I told my dad that I was stumped this week for a blog post and he said “Well, when in doubt, you can’t go wrong with Caravaggio.” He’s not wrong. So, I got to thinking about the beautiful Baroque masterpieces that Caravaggio painted, and realized that he created a lot of paintings surrounding the story of Jesus’ death. What a fitting time of year to look at some of these artworks! I scoured the internet to find as many Caravaggio paintings as I could that follow the story of the passion, death, and resurrection of Jesus and I’ve put them together here for you all. Let’s begin:
Our story starts at night. After the Passover meal (the last supper), Jesus is told to have gone to the Garden of Gethsemane to pray. He knew that this was his last night before his crucifixion and that he would be handed over to the Romans in mere hours. When he had finished praying, he went back to find his friends (who were supposed to be keeping watch) fast asleep. Caravaggio depicts this moment above.
Caravaggio shows us the betrayal of Judas in this next painting. As foreknown to Jesus, Judas, his friend and disciple, told the Romans where Jesus would be that night in exchange for money. The soldiers were told that when they arrived, they would know that the man whom Judas kissed was Jesus. Caravaggio paints this scene with lots of movement — the Roman soldiers lunge forward to seize Jesus, a disciple on the left cries out in distress, fabric blows in the wind — and yet there is a stillness found in the part of the painting where Judas is kissing Jesus’ face.
We then skip quite far ahead to the part of the story in which Jesus has been arrested, sent to Pontius Pilate, questioned by the Sanhedrin, and is back with Pilate to see if the crowd wants Jesus crucified. In the midst of all of that craziness, Peter is recognized in the street as being a disciple and friend of Jesus. Peter denies any association with Jesus three times, just as Jesus had told him he would do. Caravaggio paints this scene with Peter cornered by a man who is aggressively pointing at him. Peter’s hands are folded into his chest as if to ask, “Who, me?” while the dramatic lighting shines on his face, crumpled in denial.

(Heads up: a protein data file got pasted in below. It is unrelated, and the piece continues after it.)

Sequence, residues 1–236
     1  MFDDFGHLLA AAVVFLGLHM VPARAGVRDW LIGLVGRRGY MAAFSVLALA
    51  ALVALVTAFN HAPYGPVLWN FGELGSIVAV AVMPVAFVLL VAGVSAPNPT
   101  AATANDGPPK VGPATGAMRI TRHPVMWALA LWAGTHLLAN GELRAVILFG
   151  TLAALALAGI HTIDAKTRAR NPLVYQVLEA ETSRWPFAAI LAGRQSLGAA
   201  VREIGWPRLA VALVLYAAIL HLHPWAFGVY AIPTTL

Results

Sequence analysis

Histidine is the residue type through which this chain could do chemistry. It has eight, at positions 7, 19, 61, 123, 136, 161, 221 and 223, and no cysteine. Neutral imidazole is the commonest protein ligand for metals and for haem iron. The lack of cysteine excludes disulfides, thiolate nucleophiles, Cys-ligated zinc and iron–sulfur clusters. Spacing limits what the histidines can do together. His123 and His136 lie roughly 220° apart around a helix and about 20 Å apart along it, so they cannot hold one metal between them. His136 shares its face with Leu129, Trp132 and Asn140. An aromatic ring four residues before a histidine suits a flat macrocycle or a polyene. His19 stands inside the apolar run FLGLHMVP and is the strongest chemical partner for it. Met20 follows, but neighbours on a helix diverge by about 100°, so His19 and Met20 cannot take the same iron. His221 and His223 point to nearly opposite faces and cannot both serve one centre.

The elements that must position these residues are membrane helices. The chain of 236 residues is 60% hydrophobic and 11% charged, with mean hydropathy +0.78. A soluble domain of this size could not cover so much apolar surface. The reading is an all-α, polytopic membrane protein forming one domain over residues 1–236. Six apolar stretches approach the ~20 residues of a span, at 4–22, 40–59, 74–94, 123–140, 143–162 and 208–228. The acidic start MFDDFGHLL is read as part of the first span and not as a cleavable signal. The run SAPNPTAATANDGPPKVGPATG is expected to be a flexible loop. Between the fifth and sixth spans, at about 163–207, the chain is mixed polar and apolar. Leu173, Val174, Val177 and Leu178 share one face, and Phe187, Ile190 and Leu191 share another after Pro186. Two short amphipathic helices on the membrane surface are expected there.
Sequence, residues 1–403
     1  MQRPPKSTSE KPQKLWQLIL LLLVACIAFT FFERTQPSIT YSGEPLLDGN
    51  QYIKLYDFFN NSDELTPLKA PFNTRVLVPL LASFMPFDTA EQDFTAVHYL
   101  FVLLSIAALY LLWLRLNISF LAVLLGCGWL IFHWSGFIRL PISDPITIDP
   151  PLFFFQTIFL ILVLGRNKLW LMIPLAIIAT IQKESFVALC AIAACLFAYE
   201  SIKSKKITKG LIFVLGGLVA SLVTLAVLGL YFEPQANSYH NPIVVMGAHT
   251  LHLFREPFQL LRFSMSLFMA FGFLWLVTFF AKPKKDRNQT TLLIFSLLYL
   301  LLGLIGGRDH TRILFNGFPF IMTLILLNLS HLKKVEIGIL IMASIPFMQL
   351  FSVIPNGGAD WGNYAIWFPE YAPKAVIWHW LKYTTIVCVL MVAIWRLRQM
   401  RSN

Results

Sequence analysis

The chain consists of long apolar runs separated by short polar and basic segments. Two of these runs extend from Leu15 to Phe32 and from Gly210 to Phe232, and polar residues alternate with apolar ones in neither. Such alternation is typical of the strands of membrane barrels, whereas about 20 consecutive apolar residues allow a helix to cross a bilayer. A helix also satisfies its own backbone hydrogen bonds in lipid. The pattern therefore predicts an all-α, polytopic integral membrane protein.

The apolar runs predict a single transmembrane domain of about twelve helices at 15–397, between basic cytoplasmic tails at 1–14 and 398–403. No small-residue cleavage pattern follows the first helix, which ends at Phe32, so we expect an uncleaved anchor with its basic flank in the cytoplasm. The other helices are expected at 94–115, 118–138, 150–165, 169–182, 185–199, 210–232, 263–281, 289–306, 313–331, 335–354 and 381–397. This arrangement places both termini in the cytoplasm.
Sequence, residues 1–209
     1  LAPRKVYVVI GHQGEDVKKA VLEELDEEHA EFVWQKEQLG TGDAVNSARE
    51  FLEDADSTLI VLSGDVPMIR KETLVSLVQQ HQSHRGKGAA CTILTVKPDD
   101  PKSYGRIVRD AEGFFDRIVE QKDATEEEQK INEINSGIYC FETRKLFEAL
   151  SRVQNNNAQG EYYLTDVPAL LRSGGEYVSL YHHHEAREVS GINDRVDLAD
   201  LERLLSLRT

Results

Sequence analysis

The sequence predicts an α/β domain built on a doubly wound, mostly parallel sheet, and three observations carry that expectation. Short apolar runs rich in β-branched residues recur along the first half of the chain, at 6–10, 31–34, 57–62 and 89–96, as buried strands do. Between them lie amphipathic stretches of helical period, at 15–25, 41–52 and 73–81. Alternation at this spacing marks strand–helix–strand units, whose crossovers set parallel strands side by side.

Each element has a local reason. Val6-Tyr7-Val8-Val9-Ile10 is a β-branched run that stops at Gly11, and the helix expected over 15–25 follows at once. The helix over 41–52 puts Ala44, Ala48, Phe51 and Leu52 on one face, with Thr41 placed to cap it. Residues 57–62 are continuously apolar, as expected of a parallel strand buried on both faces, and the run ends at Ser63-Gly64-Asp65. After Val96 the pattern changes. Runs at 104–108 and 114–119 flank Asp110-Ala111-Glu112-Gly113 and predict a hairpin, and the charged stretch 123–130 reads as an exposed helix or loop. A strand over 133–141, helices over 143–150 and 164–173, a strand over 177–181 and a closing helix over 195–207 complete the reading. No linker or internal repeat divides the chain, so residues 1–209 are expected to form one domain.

Caravaggio paints Jesus being scourged before his crucifixion two different times within the same year. Though the moment is the same, the compositions are quite different. In the painting on the left, the two men are actively beating Jesus. They are in shadows while Jesus is in the direct light, leading us to see his downturned head.
He looks defeated even though his body seems to be in perfect condition. This is similar to the painting on the right. Jesus is again in direct light which shows his body without blemish. The two men in this painting do not actively hurt him, but instead seem to be trying to hold him back before they begin. Jesus looks to the side with a hopeful look on his face as if showing that this is not the end of his story.
Caravaggio also paints two images of Jesus being crowned with thorns. Again, he paints one in which Jesus looks defeated and another where he looks around for help or in hope. In both, one or more men use sticks to force the headdress of thorny branches onto his head. There is a third figure in both which stands with their back to us. In his 1602 painting, the third is another man helping to hold Jesus down, but in his later painting the third man wears armor and merely watches him get tortured. Jesus’ torso in both paintings is contorted in some way to show his agony in this moment.
Caravaggio then takes us to the moment after Jesus has died and is being laid in his tomb. The Entombment is instantly recognizable as a Caravaggio painting and is probably one of his most well-known. His use of chiaroscuro identifies it as a Baroque painting, and this dramatic lighting adds a somber effect to this scene of anguish. The two men heave as they place the body of Jesus into the tomb. The women mourn in various ways behind them. The costumes in this painting are exquisitely painted to drape across the figures with acute accuracy. The body of Christ looks as heavy as a dead body would be and yet it looks perfect as if he hadn’t just been brutally beaten and then crucified.
Though Caravaggio doesn’t give us a scene of the resurrection of Jesus to complete this Easter storyline, he does give us the subject of next Sunday’s reading, which is when Jesus appears to Thomas. In this story, Thomas (like any sane person) didn’t believe his eyes when Jesus appeared before him and Jesus instructed him to put his hand inside the wounds from his crucifixion so that Thomas would know it was really Jesus. Caravaggio paints Jesus in a state of humility as he bends his head down and opens his cloak. Thomas is depicted here with his eyes so wide that his forehead crinkles nearly a hundred times in incredulousness.
Thanks for going on this journey through some of Caravaggio’s art with me! See you next week.